By going back on their feet, pointing upwards again, these protons no longer cancel out the magnetic vectors of the same number of protons pointing up, as they did before. So, the magnetization in this direction, the longitudinal magnetization increases, and finally goes back to its original value (fig. 17). If you plot the time vs. longitudinal magnetization, you get a curve like fig. 18, it increases with time. This curve is also called a T1-curve.
Fig. 18 If one plots the longitudinal magnetization vs. time after the RF pulse was switched off, one gets a so-called T1-curve.
The time that it takes for the longitudinal magnetization to recover, to go back to its original value, is described by the longitudinal relaxation time, also called T1. This actually is not the exact time it takes, but a time constant, describing how fast this process goes. This is like taking time for one round at a car race. The time gives you an idea of how long the race may take, but not the exact time. Or more scientifically, T1 is a time constant comparable to the time constants that for example describe radioactive decay. That T1 is the longitudinal relaxation time can easily be remembered by looking at your typewriter: (fig. 19)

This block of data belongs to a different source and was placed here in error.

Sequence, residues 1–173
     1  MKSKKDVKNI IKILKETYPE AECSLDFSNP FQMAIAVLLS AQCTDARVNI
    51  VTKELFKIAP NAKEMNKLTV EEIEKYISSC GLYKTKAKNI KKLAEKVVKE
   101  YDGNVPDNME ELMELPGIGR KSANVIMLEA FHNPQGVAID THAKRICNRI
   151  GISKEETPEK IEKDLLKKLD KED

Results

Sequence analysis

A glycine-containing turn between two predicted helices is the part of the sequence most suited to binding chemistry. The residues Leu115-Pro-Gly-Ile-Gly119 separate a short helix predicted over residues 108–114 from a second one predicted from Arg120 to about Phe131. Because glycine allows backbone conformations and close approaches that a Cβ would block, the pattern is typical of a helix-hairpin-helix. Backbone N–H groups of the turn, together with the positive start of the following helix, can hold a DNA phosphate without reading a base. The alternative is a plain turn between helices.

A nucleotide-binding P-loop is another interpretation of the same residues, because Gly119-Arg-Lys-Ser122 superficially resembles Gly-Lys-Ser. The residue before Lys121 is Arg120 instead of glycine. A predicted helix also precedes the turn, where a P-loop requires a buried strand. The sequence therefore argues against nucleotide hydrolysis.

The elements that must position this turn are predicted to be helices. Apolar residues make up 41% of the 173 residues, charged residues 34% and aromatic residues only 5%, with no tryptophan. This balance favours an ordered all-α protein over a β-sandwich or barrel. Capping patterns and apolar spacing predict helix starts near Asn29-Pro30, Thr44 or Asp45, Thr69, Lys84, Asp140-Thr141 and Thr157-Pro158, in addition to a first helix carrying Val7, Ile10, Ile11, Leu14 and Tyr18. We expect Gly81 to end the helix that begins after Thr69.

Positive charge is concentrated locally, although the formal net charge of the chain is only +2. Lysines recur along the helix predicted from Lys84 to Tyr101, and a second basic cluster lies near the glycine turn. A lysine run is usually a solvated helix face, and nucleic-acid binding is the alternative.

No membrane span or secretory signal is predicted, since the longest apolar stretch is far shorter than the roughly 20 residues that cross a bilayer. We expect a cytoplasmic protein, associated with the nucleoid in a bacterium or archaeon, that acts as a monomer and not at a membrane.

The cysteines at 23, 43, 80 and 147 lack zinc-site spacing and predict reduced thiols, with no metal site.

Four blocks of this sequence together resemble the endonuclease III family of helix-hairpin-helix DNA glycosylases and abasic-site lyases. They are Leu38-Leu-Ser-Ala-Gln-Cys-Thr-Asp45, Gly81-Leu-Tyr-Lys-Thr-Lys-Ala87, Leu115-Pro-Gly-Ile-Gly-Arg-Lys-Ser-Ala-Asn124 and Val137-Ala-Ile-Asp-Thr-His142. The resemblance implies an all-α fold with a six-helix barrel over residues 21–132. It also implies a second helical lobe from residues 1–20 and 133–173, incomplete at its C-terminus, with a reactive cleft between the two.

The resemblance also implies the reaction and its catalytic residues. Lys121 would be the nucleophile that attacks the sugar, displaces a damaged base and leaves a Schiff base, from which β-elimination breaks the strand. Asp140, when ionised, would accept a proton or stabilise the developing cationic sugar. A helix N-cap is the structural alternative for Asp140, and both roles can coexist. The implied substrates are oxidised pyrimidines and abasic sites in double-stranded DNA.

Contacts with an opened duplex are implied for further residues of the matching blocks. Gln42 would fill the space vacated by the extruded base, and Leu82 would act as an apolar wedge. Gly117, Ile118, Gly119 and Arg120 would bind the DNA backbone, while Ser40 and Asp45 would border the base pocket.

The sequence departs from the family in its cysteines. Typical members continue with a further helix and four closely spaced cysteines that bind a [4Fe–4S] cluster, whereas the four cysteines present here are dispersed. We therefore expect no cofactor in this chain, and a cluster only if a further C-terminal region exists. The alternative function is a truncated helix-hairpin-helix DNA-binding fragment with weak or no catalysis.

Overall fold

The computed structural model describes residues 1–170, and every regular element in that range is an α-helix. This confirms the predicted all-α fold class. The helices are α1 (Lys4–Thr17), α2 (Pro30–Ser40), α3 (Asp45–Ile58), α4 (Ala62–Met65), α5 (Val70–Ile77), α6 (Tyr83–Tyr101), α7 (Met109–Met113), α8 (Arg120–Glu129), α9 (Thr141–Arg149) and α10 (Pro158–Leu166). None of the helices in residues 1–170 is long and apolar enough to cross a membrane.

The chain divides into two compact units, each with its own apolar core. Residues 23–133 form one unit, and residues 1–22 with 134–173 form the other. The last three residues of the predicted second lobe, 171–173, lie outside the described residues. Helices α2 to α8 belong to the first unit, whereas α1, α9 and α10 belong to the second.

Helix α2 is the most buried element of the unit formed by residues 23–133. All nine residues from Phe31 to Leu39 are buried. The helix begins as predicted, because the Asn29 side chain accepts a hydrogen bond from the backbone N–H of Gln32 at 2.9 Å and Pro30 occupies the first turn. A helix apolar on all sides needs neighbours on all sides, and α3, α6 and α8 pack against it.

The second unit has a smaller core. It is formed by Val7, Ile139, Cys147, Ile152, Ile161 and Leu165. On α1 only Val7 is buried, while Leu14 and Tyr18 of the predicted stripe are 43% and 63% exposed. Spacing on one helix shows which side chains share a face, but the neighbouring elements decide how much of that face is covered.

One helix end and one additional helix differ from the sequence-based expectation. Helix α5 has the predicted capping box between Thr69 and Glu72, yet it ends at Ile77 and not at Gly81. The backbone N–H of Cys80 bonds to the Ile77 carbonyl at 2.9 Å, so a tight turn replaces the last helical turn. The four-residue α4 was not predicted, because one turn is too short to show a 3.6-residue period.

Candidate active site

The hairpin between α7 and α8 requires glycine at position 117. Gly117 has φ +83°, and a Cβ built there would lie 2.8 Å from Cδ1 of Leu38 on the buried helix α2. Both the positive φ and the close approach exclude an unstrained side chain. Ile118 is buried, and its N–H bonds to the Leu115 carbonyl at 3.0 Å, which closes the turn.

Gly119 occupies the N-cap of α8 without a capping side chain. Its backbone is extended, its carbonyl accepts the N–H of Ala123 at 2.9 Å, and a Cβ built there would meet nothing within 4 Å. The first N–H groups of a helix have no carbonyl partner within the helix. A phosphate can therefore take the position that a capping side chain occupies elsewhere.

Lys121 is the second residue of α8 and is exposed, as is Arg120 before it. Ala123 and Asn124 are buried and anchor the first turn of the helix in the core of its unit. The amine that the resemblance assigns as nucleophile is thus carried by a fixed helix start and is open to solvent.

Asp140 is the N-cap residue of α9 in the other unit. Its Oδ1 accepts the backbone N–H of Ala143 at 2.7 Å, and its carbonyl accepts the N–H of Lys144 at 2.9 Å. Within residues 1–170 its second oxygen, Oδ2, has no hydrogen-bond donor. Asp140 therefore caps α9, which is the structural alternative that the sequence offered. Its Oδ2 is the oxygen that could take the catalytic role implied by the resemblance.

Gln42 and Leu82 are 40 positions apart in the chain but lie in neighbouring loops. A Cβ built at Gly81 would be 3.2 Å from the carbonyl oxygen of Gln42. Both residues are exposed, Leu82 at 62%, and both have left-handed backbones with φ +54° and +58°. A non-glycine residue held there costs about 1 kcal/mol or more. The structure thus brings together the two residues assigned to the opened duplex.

The " 1 " looks very much like the , reminding you also that it describes the spin-"l"attice relaxation. But there are more hidden hints to this: the "1" also looks like a match. And this match should remind you of something, which we also have mentioned already: longitudinal relaxation has something to do with exchange of energy, thermal energy, which the protons emit to the surrounding lattice while returning to their lower state of energy.
Enough of the longitudinal magnetization what happens with the transversal magnetization?
After the RF pulse is switched off, the protons get out of step, out of phase again, as nobody is telling them to stay in step. For the sake of simplicity this has been illustrated for a group of protons which all "point up" in fig. 20. We heard earlier that protons precess with a frequency which is determined by the magnetic
Fig. 19 T1 is the longitudinal relaxation time that has something to do with the exchange of thermal energy.
field strength that they are in. And all the protons should experience the same magnetic field. This, however, is not the case: • the field of the MR magnet, in which the patient is placed, is not totally uniform, not totally homogenous, but varies a little, thus causing different precession frequencies • and each proton is influenced by the small magnetic fields from neighbouring nuclei, that are also not distributed evenly, thus causing different precession frequencies too. These internal magnetic field variations are somehow characteristic for a tissue.